Canadian energy firm Enbridge Inc. announced Friday that it’s beginning the permitting process to reroute its Line 5 pipeline in northern Wisconsin. The line carries up to 23 million gallons of oil and natural gas liquids per day from Superior to Sarnia, Ontario.

Enbridge has been exploring alternative routes for Line 5 since the Bad River Band of Lake Superior Chippewa filed a lawsuit against the company aimed at shutting down and removing the pipeline from the tribe's reservation.

On Friday, Enbridge announced it's filing a joint application for permits with the Wisconsin Department of Natural Resources and U.S. Army Corps of Engineers. The company is also filing an application with the Wisconsin Public Service Commission (PSC). The PSC would determine whether the project is in the public interest and whether to grant Enbridge the use of eminent domain to obtain lands for the pipeline's relocation.

The company's proposed route runs south of the Bad River reservation and north of Mellen in Ashland County. The pipeline relocation would span roughly 40 miles across Ashland and Iron counties.

"We've identified a proposed route that we believe best balances the impacts to protected environments and the impacted communities," said Jennifer Smith, Enbridge’s community engagement editor.

WPR reported Thursday that the PSC doesn't consider the company’s proposed route as part of its regulatory review unlike surrounding states.

Line 5 currently crosses a dozen miles within the tribe’s reservation. The company plans to completely remove the pipeline from tribal lands.

"We haven't come to a solution on how and when to decommission the existing Line 5 across the reservation," said Paul Eberth, Enbridge's tribal engagement lead on the project. "We are actively and aggressively pursuing this reroute project so that we can decommission Line 5 across the reservation as soon as possible."

The company plans to construct a 30-inch diameter pipeline south of the reservation and would employ around 700 workers during peak construction, according to Adam Erickson, Enbridge's engineering and construction manager. The cost of the project has not yet been determined, but Smith has said it will likely run more than $100 million.

Line 5 provides around 65% of the propane supplied to residents in Michigan’s Upper Peninsula and around 55% of Michigan’s propane fuel. It's unclear how much energy the pipeline provides to residents of northern Wisconsin.

The project would require multiple state and local permits. Enbridge expects environmental review of the project will take about a year to complete.

The DNR anticipates it will conduct an environmental impact statement for the project, according to Ben Callan, chief of the agency's integrated services section.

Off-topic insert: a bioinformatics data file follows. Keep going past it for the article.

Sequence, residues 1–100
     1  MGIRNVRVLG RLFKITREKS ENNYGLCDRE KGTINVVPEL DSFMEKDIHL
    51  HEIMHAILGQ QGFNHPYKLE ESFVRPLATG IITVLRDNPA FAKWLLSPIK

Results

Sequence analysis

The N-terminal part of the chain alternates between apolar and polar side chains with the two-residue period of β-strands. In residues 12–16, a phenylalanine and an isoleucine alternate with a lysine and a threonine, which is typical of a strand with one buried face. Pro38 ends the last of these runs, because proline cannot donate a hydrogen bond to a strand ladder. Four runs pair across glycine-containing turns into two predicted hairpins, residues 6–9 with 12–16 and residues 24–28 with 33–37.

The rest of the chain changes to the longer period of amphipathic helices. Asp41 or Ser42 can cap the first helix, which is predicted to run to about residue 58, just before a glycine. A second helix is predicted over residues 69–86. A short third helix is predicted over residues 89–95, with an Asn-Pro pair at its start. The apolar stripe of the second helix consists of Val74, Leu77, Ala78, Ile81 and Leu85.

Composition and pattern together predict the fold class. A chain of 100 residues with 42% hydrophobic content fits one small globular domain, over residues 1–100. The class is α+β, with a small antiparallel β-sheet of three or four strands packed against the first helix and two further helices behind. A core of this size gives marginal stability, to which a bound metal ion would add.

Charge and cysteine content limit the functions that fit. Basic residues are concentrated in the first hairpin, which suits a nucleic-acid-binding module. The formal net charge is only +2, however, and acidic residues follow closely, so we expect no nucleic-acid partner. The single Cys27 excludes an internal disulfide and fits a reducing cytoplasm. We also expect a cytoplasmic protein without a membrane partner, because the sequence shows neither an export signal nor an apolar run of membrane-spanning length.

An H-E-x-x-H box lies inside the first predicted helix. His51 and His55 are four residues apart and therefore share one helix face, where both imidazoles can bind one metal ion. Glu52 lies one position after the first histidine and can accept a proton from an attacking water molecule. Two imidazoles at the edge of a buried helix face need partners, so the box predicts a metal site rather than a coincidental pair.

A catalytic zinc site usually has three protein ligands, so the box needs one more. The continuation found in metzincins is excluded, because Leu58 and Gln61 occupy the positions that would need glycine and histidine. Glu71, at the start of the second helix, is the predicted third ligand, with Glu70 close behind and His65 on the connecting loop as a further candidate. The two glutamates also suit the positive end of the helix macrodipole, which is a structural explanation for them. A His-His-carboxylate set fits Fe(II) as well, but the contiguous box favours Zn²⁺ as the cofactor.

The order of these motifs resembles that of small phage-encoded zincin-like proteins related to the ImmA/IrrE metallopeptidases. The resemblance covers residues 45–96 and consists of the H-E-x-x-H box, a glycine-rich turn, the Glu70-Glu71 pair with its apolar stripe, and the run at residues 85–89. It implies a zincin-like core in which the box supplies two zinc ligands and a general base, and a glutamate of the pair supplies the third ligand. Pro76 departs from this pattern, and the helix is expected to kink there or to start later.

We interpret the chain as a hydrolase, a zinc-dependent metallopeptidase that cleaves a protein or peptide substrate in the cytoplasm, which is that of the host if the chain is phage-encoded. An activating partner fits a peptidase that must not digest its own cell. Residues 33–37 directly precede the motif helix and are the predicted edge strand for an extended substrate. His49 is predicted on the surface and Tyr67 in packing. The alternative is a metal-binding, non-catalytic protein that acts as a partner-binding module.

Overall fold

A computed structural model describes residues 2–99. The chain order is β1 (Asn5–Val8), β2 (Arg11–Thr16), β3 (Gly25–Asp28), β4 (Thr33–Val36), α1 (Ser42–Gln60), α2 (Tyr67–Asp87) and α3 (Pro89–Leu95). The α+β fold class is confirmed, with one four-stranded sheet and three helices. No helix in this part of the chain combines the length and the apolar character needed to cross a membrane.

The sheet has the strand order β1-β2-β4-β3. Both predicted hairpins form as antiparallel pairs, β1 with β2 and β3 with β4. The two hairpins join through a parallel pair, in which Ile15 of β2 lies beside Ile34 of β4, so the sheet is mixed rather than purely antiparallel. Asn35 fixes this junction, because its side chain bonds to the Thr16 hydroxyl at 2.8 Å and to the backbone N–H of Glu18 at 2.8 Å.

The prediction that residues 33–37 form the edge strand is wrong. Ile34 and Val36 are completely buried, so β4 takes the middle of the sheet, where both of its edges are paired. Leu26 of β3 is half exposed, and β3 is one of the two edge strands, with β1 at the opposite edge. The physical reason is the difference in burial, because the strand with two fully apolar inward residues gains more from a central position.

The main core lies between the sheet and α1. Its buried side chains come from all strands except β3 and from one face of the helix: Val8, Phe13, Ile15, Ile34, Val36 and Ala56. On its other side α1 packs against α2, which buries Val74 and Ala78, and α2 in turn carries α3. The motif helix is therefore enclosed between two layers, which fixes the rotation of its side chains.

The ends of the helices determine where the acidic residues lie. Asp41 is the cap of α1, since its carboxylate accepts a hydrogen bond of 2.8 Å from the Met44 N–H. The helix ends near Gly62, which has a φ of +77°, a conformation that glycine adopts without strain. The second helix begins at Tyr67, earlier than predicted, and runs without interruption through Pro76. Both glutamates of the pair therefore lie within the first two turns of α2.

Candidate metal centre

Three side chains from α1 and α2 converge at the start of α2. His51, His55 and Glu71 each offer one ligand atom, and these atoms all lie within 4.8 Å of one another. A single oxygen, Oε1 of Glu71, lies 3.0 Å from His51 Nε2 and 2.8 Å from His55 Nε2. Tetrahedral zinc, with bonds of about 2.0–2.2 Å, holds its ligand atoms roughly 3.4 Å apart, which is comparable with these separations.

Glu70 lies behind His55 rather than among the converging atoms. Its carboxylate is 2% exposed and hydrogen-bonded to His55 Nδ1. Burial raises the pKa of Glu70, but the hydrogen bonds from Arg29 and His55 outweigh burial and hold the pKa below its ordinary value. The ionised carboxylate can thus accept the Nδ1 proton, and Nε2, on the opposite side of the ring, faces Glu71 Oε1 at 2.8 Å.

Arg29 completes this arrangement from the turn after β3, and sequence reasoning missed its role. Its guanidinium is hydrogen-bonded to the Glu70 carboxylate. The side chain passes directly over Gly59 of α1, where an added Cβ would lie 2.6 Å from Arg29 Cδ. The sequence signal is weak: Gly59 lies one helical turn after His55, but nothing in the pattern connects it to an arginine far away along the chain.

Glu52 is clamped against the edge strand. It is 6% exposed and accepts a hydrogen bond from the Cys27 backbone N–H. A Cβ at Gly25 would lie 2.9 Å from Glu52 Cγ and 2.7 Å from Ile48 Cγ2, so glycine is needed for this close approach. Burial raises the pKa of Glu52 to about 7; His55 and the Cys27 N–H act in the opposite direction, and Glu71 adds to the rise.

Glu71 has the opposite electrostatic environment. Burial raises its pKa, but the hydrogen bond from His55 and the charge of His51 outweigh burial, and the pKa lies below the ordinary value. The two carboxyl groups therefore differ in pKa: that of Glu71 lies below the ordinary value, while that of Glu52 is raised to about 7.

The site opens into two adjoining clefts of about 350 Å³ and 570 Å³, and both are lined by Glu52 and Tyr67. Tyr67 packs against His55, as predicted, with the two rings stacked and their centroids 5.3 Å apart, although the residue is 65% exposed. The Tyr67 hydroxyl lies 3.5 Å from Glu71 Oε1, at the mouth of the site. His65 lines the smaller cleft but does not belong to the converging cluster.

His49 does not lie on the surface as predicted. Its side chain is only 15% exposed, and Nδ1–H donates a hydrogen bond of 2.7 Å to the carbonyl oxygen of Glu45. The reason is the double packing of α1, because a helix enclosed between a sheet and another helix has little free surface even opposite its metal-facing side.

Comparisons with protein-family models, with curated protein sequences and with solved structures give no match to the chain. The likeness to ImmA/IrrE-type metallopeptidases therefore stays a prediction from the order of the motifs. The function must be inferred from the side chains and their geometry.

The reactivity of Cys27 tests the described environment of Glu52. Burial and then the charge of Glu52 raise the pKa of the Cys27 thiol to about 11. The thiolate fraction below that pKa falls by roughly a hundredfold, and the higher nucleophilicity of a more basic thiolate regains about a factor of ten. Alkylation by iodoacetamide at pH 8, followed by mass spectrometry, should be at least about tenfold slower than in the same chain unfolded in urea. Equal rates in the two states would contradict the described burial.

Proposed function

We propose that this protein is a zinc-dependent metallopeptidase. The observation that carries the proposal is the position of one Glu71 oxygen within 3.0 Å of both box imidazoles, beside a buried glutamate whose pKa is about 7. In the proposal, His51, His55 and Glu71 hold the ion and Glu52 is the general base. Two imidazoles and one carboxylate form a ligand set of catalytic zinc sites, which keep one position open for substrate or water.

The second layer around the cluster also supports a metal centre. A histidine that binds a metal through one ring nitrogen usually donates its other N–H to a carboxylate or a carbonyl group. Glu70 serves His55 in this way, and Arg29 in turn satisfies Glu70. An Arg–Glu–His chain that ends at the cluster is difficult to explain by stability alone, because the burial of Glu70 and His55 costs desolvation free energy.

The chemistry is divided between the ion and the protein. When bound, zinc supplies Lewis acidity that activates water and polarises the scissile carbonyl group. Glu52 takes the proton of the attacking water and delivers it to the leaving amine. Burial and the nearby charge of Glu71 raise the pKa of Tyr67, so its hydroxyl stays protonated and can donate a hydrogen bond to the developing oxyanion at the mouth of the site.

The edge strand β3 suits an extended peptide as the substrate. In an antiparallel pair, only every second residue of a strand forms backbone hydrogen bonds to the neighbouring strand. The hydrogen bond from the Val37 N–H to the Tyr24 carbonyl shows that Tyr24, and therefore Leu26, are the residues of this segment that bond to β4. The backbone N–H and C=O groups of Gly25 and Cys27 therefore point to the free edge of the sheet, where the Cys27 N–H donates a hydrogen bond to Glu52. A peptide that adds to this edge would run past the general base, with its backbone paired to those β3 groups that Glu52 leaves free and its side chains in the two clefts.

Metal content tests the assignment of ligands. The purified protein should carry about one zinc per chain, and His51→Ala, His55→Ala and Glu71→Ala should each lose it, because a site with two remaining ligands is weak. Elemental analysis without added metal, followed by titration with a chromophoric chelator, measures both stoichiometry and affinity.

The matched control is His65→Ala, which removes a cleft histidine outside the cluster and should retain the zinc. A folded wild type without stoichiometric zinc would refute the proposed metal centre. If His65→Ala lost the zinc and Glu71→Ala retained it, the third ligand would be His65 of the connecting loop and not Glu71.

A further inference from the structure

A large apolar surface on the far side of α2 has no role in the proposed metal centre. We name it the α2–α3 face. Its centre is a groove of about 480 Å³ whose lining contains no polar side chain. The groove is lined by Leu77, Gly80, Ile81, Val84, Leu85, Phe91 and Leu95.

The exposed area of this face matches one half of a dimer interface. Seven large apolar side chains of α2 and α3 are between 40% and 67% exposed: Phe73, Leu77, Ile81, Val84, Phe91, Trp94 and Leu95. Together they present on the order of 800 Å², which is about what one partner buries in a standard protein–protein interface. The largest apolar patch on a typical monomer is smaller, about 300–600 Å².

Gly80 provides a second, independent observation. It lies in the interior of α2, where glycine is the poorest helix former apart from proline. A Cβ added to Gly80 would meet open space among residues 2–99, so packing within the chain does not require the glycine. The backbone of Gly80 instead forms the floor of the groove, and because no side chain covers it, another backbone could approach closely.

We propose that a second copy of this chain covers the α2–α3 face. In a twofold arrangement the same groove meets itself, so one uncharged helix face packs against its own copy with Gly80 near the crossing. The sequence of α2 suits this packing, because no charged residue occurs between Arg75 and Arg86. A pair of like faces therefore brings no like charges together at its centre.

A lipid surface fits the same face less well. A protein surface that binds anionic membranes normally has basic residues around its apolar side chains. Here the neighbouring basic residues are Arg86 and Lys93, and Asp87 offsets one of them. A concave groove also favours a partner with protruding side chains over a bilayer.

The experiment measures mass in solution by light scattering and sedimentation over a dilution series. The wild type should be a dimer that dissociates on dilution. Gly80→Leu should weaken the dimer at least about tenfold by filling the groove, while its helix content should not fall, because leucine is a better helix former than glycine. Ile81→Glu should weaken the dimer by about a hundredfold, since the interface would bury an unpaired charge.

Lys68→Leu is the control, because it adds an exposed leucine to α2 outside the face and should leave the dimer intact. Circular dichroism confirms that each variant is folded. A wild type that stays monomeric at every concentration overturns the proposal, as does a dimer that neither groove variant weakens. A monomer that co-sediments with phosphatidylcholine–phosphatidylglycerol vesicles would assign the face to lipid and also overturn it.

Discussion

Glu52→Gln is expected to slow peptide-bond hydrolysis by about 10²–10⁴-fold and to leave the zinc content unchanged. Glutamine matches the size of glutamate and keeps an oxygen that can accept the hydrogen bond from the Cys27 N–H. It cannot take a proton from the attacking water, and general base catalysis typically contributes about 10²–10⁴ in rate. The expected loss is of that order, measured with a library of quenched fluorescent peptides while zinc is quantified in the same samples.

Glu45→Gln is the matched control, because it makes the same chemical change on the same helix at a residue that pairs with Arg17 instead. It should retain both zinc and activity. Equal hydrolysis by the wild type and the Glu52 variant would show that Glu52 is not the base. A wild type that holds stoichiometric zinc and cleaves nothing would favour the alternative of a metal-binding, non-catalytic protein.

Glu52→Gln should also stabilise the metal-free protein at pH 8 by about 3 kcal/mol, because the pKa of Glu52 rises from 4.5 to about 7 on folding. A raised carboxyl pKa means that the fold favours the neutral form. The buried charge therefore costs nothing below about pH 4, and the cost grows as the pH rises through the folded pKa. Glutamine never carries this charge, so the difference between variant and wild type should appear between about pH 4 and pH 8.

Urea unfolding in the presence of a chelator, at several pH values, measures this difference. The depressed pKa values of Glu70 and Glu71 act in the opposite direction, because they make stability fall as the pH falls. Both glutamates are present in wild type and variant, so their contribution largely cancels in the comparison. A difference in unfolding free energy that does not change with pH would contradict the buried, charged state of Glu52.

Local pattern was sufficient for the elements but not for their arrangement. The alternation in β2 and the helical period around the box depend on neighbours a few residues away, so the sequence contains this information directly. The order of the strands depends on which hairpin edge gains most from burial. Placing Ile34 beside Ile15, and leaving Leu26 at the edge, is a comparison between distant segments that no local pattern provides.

"The most detailed review and compilation of information is through an environmental impact statement," said Callan. "That is the process that we’re going to include as part of this application submittal."

The project would need to obtain waterway and wetlands permits as part of the construction. During the pipe’s installation, impacted waterways would normally be isolated from the work zone to minimize potential water quality impacts through methods like horizontal directional drilling underneath the water bed or the use of coffer dams. There will be multiple opportunities for public input on the project throughout the agency’s process.

Enbridge anticipates they would use the drilling option to install pipe under sensitive environmental areas like the Bad River, which would still be impacted despite the company's proposed relocation.

The Bad River tribe sued Enbridge to shut down and remove Line 5 over fears the pipeline’s exposure from erosion would cause it to rupture and spill into the Bad River.

Bad River Tribal Chairman Mike Wiggins has said the tribe intends to fight to remove Line 5 from the region due to the significance of the watershed. He did not immediately return a request seeking comment on Friday.

Other tribal members believe the pipeline is a threat to the environment and watershed, including Joe Rose, a Bad River tribal elder and Ashland County Board member.

"This Enbridge pipeline corporation has a very nasty environmental track record, and I’m very concerned about that," said Rose. "I’m concerned about what would happen if the Bad River Watershed was contaminated and what kind of a future that our children, our grandchildren and even those yet unborn would have."

An Enbridge pipeline burst near Marshall, Michigan, in July 2010. The rupture cost the company $1.2 billion to clean up 1.2 million gallons of oil. Line 5 has also had at least 29 spills that released more than 1 million gallons of oil and natural gas liquids since 1968, according to the National Wildlife Federation.

The company has said its invested billions in safety improvements since 2010, transporting a record amount of oil in 2018 with few incidents.

Kathy Schutte, an Ashland County board member, supports Enbridge in its plans to remove the pipeline from the tribe’s reservation. She said the pipeline provides necessary fuel for the region, highlighting the hundreds of jobs that will be created through the relocation project.

"Enbridge is trying to help the communities that they are being good stewards of the land," she said. "By that, they’re giving money or helping with what communities need to thrive."

Ashland County will receive $500,000 for allowing a land deal to move forward between Enbridge and the city of Mellen related to the company’s proposed reroute of Line 5. The two governments have been facing financial challenges due to limited resources and growing costs due to infrastructure and other needs.

The company plans to hold several meetings about the project in Ashland, Mellen and Hurley later this month.